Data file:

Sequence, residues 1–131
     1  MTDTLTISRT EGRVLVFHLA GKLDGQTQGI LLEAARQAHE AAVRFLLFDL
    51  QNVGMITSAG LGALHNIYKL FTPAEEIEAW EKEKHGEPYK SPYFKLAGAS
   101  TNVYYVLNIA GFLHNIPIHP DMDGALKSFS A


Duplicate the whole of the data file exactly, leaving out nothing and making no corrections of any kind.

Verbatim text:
Sequence, residues 1–131
     1  MTDTLTISRT EGRVLVFHLA GKLDGQTQGI LLEAARQAHE AAVRFLLFDL
    51  QNVGMITSAG LGALHNIYKL FTPAEEIEAW EKEKHGEPYK SPYFKLAGAS
   101  TNVYYVLNIA GFLHNIPIHP DMDGALKSFS A